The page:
CLOSE KIN

VOL. II, THE HOLLOW KINGDOM TRILOGY

Racial integration through wife-napping makes for awkward fantasy, despite a compellingly intricate structure. Baby sister Emily of The Hollow Kingdom (2003), a human in the goblin world, has grown into a lovable young woman. Emily’s adored by her goblin friend, elf-like throwback Seylin, but doesn’t understand his awkward words of love. Spurned, Seylin leaves the goblin kingdom to avoid Emily and search for the long-lost elves. Alas, the remaining elves are ignorant, near-extinct, poverty-stricken misogynists, and only goblin magic can save them. While Seylin quests for elves, and Emily leaves goblin lands hunting for Seylin, the all-wise goblin king arranges the capture of the remaining elf women. Their perfectly chosen goblin husbands are far superior to the crude elves; kidnapping and involuntary marriage proves the elves’ salvation. Disturbing gender roles, excessive moralizing, and a rushed and incongruous conclusion keep this sequel from achieving its rather strong potential. (Fiction. 11-14)

Pub Date: Oct. 1, 2004

ISBN: 0-8050-7497-X

Page Count: 240

Publisher: Henry Holt

Review Posted Online: May 20, 2010

Kirkus Reviews Issue: Sept. 15, 2004

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THE BOY IN THE STRIPED PAJAMAS

After Hitler appoints Bruno’s father commandant of Auschwitz, Bruno (nine) is unhappy with his new surroundings compared to the luxury of his home in Berlin. The literal-minded Bruno, with amazingly little political and social awareness, never gains comprehension of the prisoners (all in “striped pajamas”) or the malignant nature of the death camp. He overcomes loneliness and isolation only when he discovers another boy, Shmuel, on the other side of the camp’s fence. For months, the two meet, becoming secret best friends even though they can never play together. Although Bruno’s family corrects him, he childishly calls the camp “Out-With” and the Fuhrer “Fury.” As a literary device, it could be said to be credibly rooted in Bruno’s consistent, guileless characterization, though it’s difficult to believe in reality. The tragic story’s point of view is unique: the corrosive effect of brutality on Nazi family life as seen through the eyes of a naïf. Some will believe that the fable form, in which the illogical may serve the objective of moral instruction, succeeds in Boyle’s narrative; others will believe it was the wrong choice. Certain to provoke controversy and difficult to see as a book for children, who could easily miss the painful point. (Fiction. 12-14)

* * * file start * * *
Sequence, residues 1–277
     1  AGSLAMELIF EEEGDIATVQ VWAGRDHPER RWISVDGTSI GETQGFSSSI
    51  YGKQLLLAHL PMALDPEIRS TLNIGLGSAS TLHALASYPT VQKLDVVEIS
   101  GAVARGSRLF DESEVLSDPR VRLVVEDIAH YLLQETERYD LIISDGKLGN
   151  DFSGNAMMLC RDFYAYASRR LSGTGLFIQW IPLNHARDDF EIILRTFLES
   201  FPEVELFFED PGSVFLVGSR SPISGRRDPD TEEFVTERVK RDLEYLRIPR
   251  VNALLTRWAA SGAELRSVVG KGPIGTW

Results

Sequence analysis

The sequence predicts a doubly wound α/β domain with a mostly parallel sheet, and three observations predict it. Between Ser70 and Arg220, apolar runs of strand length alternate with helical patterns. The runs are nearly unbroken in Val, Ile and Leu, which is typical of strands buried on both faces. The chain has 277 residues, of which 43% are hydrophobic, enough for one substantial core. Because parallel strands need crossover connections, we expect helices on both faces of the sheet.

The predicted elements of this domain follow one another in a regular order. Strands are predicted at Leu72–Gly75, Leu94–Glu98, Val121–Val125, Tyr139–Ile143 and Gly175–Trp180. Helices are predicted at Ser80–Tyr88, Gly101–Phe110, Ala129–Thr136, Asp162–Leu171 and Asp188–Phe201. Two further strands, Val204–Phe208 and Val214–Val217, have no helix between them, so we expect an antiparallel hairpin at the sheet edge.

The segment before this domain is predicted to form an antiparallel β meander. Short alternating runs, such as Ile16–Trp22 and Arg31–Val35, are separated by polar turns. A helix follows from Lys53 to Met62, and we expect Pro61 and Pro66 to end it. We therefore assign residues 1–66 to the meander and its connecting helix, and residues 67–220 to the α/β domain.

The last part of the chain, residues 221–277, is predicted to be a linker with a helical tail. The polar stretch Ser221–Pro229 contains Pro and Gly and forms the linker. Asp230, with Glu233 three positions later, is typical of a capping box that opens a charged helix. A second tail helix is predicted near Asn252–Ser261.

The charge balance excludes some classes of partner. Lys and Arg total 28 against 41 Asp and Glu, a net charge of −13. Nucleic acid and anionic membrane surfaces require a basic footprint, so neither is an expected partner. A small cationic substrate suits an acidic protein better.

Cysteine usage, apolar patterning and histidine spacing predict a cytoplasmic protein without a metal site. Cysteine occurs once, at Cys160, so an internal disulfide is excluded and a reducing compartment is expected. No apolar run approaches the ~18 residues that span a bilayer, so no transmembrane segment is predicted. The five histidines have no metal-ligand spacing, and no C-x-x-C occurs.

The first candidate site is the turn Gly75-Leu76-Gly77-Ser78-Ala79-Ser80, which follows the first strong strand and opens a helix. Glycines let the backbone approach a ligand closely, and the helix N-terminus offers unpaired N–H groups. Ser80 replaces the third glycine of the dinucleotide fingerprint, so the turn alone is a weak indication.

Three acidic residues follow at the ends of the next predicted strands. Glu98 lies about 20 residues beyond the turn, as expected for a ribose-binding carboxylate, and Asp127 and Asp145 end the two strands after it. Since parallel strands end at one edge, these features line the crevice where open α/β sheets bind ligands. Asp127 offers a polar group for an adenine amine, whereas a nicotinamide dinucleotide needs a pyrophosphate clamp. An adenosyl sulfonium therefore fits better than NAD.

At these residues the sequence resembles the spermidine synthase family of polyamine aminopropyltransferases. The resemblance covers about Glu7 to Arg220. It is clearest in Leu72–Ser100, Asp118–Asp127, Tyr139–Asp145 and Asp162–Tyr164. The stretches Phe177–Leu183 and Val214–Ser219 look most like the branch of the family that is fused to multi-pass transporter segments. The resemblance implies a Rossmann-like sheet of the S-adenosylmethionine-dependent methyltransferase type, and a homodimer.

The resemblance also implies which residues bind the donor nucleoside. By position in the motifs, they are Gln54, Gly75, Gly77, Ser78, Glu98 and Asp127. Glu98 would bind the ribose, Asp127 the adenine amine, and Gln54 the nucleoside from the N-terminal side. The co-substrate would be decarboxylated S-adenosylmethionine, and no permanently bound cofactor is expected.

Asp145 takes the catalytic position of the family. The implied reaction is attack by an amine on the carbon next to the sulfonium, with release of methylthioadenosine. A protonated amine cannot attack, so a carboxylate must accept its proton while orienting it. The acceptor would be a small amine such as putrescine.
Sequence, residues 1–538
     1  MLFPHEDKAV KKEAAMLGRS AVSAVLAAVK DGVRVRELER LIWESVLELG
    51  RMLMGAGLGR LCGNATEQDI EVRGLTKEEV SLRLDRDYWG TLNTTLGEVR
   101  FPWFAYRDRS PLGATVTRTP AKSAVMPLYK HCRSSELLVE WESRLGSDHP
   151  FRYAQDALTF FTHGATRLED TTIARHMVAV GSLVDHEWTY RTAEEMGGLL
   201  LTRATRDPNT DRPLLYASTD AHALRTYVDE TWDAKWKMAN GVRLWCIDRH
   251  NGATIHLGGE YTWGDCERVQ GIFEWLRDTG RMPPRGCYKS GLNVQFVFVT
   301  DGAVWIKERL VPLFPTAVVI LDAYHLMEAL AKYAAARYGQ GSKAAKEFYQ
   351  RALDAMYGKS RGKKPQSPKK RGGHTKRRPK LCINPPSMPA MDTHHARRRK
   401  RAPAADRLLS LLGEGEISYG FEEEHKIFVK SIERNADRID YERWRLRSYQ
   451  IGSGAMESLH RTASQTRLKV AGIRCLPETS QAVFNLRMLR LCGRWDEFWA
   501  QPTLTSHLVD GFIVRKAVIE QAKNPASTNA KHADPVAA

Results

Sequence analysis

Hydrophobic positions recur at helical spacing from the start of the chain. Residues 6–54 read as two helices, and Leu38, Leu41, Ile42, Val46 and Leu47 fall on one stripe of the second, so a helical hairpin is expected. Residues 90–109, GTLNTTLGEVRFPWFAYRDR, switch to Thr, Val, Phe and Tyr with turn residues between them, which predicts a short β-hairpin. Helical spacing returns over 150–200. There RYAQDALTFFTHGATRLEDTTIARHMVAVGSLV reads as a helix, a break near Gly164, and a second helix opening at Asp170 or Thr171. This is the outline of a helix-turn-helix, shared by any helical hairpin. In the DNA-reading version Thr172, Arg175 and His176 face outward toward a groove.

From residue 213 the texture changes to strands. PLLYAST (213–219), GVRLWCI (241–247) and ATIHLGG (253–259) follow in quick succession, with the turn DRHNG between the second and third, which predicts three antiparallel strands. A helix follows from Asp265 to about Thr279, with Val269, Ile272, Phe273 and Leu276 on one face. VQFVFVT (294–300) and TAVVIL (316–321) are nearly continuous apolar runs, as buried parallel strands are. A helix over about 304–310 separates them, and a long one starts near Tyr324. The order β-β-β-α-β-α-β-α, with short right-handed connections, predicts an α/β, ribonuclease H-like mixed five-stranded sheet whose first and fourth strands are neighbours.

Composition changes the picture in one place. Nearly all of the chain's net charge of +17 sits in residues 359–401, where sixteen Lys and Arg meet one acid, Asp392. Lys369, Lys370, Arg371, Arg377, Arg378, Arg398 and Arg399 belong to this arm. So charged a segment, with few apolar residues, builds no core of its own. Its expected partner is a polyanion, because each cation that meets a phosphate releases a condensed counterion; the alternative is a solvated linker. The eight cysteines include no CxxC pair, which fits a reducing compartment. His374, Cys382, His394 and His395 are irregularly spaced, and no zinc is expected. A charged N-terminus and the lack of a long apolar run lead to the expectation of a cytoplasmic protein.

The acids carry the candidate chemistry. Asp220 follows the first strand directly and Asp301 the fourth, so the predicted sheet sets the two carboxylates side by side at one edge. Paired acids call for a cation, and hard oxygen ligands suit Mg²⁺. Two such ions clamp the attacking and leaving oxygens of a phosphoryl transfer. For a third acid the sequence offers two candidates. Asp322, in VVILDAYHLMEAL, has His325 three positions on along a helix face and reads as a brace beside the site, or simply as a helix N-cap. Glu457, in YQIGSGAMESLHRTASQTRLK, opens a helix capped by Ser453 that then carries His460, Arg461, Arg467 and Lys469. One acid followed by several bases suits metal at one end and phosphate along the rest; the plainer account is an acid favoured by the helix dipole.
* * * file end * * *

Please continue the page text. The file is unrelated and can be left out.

Pub Date: Sept. 12, 2006

ISBN: 0-385-75106-0

Page Count: 224

Publisher: David Fickling/Random

Review Posted Online: May 20, 2010

Kirkus Reviews Issue: Aug. 15, 2006

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WHAT THE MOON SAW

When Clara Luna, 14, visits rural Mexico for the summer to visit the paternal grandparents she has never met, she cannot know her trip will involve an emotional and spiritual journey into her family’s past and a deep connection to a rich heritage of which she was barely aware. Long estranged from his parents, Clara’s father had entered the U.S. illegally years before, subsequently becoming a successful business owner who never spoke about what he left behind. Clara’s journey into her grandmother’s history (told in alternating chapters with Clara’s own first-person narrative) and her discovery that she, like her grandmother and ancestors, has a gift for healing, awakens her to the simple, mystical joys of a rural lifestyle she comes to love and wholly embrace. Painfully aware of not fitting into suburban teen life in her native Maryland, Clara awakens to feeling alive in Mexico and realizes a sweet first love with Pedro, a charming goat herder. Beautifully written, this is filled with evocative language that is rich in imagery and nuance and speaks to the connections that bind us all. Add a thrilling adventure and all the makings of an entrancing read are here. (glossaries) (Fiction. 12-14)

Pub Date: Sept. 12, 2006

ISBN: 0-385-73343-7

Page Count: 272

Publisher: Delacorte

Review Posted Online: May 20, 2010

Kirkus Reviews Issue: Sept. 1, 2006

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